It may be the single most recognisable British image of the last ten years. Or at least, the most recognised. Which is odd, because it is not an image from the last ten years. It is now almost 30 years old, and its continuing fame depends almost entirely upon circulation on the Internet. It cannot be printed in magazines or shown in television; its owners made it commercially unavailable in 2007. The BBC’s Newsnight responded by commissioning a painting of it. Which seems particularly apt, given its subject and context.
It shows nine young men – scarcely more than boys – as they variously stand, sit, lean and lounge upon a set of Victorian stone steps. All wear expensive evening dress –dinner jackets with tails, bow ties, waistcoats – which the monochrome reproduction does not reveal to be coloured, respectively, black, blue and biscuit. Nor can it impart the information that each set of clothing will have cost in the region of £1,000. The attitudes and expressions of these men recall the description by Percy Bysshe Shelley of the monumental statue of his imaginary King Ozymandias, with its “wrinkled lip and sneer of cold command.” These attitudes and expressions might, it’s true, have looked much the same were the men Teddy Boys (whom they somewhat resemble), or Bronx toughs of the Depression era. But they are not, and that is why the faces and body language are so telling. They are not a veneer, not an exhibition of upstart defiance. They speak of those who are born to rule, and know it. This is the 1987 membership of The Bullingdon Club.
George Osborne, today’s Chancellor of the Exchequer, does not appear in the picture, although he is often assumed to. His haughty young mug stares with bland disdain from another, similar photograph taken five years later. The two most notable principals of the 1987 image are Prime Minister David Cameron, and Mayor of London Boris Johnson. Both old Etonians, both at the time participants in what could kindly be called an informal dining society, but what might be better described – and indeed, effectively was in last year’s film of that title, albeit one claimed by its producers to be entirely a work of fiction – as The Riot Club.
The Bullingdon Club represents the reality of high society to a T. It is a place, or rather a notion, wherein privilege, money, mischief (or worse) and impunity coalesce into a singularly distasteful whole – most notably, in this instance, the vandalising of its chosen venues, combined with on-the-spot compensation for the damage. Its own history reflects the history of high society, and is worth noting on that basis: its reputed origins as a sporting club in the late 18th century; the maintenance of its cricketing connections into the the early 20th century largely as a pretext for the antics of its rich and well-refreshed brotherhood; its odour of sufficient wealth to purchase for that brotherhood – gentlemen by title but not by conduct – indemnity from their own obnoxious behaviour; its propensity for destruction and bullying.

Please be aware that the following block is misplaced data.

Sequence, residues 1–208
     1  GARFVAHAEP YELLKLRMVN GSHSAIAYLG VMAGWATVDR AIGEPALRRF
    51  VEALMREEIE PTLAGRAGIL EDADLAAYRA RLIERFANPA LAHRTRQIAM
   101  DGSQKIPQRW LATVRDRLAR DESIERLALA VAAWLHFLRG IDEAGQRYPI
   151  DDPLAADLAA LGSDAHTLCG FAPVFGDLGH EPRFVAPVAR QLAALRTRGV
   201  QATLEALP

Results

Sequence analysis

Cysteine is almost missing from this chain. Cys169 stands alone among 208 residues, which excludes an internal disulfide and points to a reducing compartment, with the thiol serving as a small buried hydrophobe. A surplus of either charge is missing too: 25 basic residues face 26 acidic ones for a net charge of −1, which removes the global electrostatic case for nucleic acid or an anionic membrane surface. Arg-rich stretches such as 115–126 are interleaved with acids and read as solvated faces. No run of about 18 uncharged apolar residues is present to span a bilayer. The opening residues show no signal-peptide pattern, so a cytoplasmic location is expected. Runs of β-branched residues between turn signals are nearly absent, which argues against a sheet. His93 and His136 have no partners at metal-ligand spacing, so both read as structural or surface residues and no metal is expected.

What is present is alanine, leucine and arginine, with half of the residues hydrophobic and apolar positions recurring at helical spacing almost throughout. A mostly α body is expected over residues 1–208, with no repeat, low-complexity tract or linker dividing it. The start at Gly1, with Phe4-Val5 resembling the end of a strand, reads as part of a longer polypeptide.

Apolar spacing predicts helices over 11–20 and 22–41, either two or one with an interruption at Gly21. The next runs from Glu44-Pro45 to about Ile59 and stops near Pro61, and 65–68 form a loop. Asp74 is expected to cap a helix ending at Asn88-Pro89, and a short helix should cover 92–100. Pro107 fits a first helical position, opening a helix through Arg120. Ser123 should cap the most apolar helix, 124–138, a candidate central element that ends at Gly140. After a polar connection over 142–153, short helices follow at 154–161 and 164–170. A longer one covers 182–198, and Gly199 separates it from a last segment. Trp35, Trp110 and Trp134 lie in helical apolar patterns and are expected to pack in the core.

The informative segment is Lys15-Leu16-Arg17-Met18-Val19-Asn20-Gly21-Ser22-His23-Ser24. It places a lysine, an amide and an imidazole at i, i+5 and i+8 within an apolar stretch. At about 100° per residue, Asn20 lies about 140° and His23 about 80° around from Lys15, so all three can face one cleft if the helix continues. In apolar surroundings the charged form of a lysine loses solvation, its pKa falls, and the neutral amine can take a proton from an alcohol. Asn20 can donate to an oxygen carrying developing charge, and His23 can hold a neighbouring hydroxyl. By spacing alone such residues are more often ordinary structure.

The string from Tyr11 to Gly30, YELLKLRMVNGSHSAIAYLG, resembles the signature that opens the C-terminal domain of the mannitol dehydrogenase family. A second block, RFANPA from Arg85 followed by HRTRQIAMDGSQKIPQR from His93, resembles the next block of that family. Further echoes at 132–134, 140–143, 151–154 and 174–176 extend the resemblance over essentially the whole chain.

It is the Bullingdon Club – or at least, everything the Bullingdon club represents – that one thinks of in regard to the celebrated couplet by comic poet Hillaire Belloc: “Like many of the upper class/He liked the sound of breaking glass.” (“A line I stole with subtle daring,” added the scrupulous Belloc, “from Wing-Commander Maurice Baring.”) It is the Bullingdon Club which appears in Evelyn Waugh’s first novel, Decline and Fall (1925), in the none-too-cryptic guise of the Bollinger Club, whose fellows, on a drunken spree, “debag” the book’s unfortunate, blameless, innocuous, lower-born protagonist and cause him to be sent down from Oxford for fleeing his persecutors in his trouser-less state, while they themselves escape any such sanction.
Yet this is not what we collectively associate with the phrase “high society”. Rather, the words evoke charm, elegance and grace. They comprise the title of a 1956 film which encapsulates that image, and which represents one of the last hurrahs of a Hollywood studio system that over a thirty-year period did so much to enshrine it. This is a film that features Bing Crosby, Frank Sinatra and Grace Kelly – the last in her final starring role before she left the industry to take up a career as an actual princess. Hollywood’s high society is not unlike Noel Coward’s; a realm where all is witty and debonair. Where beauty reigns and baser instincts are reined in. Where one greets heartbreak as one does champagne, as something which comes with the territory and will evaporate soon enough in a medley of bubbles. In Hollywood’s version, Louis Armstrong provides the music, in person.